As I was writing last night's commentary about why perhaps the market didn't deliver a sell-off befitting the crisis some were painting the Ukraine conflict to be, columnists for the Washington Post were submitting articles with titles and statements such as: "Obama’s weakness emboldens Putin", "Putin's tightening grip on the Ukraine" and "Vladimir Putin's Long Game".
Apparently history strongly suggests that it would take a lot more than a falling ruble and a tumbling Russian stock market to deter the likes of Vladimir Putin. That he would announce the end of the shortest of military operations along with words directed specifically to financial markets---moments before the ringing of the Russian stock market's opening bell---was not something many experts were predicting.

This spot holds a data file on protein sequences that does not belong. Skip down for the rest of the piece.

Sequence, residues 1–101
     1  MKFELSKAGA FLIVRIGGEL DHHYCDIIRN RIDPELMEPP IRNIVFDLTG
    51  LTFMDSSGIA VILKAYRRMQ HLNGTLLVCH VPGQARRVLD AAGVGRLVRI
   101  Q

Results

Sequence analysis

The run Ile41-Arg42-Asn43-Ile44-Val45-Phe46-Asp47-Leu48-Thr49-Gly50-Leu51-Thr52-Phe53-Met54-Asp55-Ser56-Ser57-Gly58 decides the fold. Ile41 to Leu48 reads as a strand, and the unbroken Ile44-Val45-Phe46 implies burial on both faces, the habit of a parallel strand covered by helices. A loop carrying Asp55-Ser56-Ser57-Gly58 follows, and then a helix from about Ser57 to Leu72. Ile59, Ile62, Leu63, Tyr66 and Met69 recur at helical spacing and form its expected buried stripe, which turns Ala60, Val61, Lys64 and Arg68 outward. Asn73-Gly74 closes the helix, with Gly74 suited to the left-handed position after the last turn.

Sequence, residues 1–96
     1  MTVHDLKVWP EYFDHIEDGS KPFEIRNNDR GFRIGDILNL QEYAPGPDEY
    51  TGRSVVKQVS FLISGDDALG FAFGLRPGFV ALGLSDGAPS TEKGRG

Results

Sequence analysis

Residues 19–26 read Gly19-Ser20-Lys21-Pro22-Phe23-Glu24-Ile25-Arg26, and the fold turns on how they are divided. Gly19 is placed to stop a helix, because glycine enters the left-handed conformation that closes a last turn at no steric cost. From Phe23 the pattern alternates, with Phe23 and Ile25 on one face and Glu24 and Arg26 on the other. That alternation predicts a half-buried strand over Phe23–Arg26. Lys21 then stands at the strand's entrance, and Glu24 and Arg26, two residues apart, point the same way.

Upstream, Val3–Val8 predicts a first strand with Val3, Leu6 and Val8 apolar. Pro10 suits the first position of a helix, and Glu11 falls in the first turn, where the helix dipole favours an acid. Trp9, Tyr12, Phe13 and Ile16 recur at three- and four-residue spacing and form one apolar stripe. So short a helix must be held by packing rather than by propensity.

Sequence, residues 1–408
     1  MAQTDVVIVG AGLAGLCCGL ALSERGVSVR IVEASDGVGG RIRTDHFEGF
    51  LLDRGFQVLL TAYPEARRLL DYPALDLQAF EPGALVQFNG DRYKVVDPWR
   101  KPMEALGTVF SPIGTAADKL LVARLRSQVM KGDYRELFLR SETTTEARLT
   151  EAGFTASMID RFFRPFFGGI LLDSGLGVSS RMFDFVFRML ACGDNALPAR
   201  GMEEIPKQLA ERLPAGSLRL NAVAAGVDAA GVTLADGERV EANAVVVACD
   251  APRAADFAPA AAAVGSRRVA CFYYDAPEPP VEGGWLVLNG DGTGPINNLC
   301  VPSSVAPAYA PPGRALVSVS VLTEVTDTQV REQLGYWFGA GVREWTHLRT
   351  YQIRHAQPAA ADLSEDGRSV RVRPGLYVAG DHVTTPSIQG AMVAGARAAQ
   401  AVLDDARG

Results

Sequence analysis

The great 19th Century economist Frederic Bastiat once said "if goods don't cross borders, troops will."
Could it be that, as Russian troops crossed the Ukraine's borders, Putin imagined goods (think the oil and natural gas export engine that is so critical to Russia's economy) not going and coming across Russia's---as perhaps the U.S. and other producers would step up production and step in to Russia's markets? If indeed this backing off isn't some strategic head-faking on Putin's part, he's more beholden to Russia's economy (as it is more beholding to cross-border trade) than many experts seem to have thought.
Thank goodness for international trade!!!!